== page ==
Watching the massive tail fin of a whale swing out of Sri Lanka’s cobalt-blue sea, or a pod of dolphins leaping joyfully through the surf, are experiences guaranteed to set your heart racing. Cetacean spotting is very much part of the island’s wildlife scene. Dolphins can often be encountered at several locations, usually early in the morning. Kalpitiya, in the northwest, is one hot spot: fun-living spinner dolphins congregate off shore most mornings and evenings. Sri Lanka’s real aquatic show stopper, however, is the mighty blue whale, which, together with the sperm whale, can seasonally be sighted off the coast of Mirissa and Trincomalee (south and east Sri Lanka respectively) as they travel on their annual migrations. Your TransIndus consultant will know the best places and times of year.

TransIndus only work with companies who use medium-sized, rather than large vessels, and who conform to international safety standards. We’re also careful only to send clients out with firms who have a responsible tourism policy, ensuring your trip doesn’t have a negative impact on the whales and dolphins.




Bird watching

Where: Throughout Sri Lanka, but particularly Sinharaja and Bundala

When:  Year round. From September the migratory birds start to arrive from Siberia. November and December is a good time for the greater flamingo at Bundala.

Bundala National Park and Sinharaja National Forest Reserve should be on the list for all bird lovers. Around 400 species have been recorded in these glorious parks, 26 of them endemic to Sri Lanka, including the rare green-billed coucal and the red-faced malkoha.  Bundala boasts 167 species of bird, including the greater flamingo, which can be seen in November and December.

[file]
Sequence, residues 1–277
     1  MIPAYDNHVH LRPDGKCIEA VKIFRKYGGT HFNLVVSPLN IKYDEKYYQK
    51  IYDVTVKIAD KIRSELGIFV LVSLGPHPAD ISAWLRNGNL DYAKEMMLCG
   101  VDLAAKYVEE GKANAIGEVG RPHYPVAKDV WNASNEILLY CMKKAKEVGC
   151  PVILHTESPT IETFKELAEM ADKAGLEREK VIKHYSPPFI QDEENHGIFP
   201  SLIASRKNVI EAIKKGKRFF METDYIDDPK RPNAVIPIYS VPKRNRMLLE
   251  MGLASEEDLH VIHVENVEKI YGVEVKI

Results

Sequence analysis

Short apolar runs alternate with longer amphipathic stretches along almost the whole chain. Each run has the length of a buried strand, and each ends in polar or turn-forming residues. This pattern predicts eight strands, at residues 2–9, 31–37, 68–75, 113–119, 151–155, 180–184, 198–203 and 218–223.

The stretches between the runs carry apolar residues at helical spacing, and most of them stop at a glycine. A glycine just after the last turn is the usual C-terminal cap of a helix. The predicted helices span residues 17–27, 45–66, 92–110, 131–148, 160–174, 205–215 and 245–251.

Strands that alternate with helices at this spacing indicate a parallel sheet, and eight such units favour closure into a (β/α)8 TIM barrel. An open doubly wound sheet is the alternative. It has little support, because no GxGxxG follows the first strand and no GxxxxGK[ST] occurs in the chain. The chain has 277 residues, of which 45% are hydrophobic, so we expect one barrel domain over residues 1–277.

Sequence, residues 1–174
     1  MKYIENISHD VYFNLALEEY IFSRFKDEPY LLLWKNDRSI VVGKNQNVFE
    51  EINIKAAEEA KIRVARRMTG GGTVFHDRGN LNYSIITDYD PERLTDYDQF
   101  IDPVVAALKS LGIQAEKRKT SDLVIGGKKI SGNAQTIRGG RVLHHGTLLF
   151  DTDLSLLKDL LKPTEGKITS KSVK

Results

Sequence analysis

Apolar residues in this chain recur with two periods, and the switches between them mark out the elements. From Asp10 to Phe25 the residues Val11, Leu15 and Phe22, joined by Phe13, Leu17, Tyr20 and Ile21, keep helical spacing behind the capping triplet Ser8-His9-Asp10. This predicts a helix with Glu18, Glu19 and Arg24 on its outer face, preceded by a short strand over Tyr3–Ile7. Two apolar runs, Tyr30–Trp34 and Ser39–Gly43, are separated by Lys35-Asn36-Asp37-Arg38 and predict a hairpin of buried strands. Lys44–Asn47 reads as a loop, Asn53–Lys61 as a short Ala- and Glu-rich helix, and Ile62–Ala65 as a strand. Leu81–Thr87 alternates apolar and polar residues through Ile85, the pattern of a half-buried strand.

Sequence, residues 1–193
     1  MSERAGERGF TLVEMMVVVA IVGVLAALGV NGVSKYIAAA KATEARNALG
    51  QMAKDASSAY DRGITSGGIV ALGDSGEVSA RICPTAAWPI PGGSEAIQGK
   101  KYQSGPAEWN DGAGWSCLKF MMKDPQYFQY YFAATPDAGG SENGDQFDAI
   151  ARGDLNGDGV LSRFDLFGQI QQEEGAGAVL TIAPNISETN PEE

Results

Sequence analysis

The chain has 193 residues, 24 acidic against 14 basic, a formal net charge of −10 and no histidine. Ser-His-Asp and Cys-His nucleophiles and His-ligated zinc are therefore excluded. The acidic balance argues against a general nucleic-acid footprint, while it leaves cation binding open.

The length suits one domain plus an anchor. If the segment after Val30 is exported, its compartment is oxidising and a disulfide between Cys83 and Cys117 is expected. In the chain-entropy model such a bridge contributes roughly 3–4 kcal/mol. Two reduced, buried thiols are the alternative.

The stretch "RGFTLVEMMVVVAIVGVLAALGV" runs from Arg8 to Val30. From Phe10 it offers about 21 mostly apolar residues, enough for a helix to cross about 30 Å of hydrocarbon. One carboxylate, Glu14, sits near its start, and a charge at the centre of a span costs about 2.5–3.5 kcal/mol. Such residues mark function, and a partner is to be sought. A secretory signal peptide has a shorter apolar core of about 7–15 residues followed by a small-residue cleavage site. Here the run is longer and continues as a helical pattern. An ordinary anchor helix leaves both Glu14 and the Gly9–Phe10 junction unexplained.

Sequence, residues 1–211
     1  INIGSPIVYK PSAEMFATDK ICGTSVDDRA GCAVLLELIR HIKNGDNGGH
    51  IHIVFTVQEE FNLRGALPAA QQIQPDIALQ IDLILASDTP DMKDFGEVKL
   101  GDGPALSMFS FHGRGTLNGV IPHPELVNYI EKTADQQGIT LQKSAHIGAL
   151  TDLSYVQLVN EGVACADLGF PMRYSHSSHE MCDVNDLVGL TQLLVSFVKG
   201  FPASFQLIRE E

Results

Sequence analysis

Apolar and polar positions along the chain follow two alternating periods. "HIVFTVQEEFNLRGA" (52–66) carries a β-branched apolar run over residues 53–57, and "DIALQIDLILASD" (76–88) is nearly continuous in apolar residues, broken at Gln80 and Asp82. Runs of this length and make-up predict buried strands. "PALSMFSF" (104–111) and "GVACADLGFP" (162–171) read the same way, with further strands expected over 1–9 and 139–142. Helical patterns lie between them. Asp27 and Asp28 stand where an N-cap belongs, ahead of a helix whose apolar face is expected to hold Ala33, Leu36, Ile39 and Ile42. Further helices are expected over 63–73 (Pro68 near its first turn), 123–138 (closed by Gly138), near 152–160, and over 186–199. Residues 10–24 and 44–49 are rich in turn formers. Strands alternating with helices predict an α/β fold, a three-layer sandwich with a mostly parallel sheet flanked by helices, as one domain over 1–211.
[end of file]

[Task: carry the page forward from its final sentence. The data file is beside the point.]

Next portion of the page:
Yala National Park

Why we like it:

Sri Lanka’s most popular national park can get very crowded but it’s one of the best places to see leopard, elephant and sloth bear. Divided into different zones, the location is very special, with forests stretching down to the ocean where leopards can occasionally be seen roaming on the beach. There is a good range of accommodation available in all categories and it combines well with Tea Country and the south coast.




Wilpattu National Park

Why we like it:

Sri Lanka’s largest and oldest national park, Wilpattu holds some superb scenery, with lakes attracting an abundance of wildlife. It only re-opened after the civil war in 2010 so as yet hasn’t gained the popularity of Yala National Park, but still has the big attractions of leopard, elephant and sloth bear. It’s just over an hour from Anuradhapura so can easily be combined with the UNESCO-listed sites of the Cultural Triangle.




Minneriya National Park

Why we like it: